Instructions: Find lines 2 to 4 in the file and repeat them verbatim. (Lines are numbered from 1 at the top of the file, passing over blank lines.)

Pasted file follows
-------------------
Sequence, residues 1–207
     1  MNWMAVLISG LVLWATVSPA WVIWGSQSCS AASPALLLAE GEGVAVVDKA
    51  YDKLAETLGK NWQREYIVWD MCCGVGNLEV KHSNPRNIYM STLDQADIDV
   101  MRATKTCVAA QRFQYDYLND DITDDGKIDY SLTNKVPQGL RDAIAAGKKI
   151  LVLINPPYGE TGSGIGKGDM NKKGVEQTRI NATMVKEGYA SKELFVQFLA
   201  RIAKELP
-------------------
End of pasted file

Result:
     1  MNWMAVLISG LVLWATVSPA WVIWGSQSCS AASPALLLAE GEGVAVVDKA
    51  YDKLAETLGK NWQREYIVWD MCCGVGNLEV KHSNPRNIYM STLDQADIDV
   101  MRATKTCVAA QRFQYDYLND DITDDGKIDY SLTNKVPQGL RDAIAAGKKI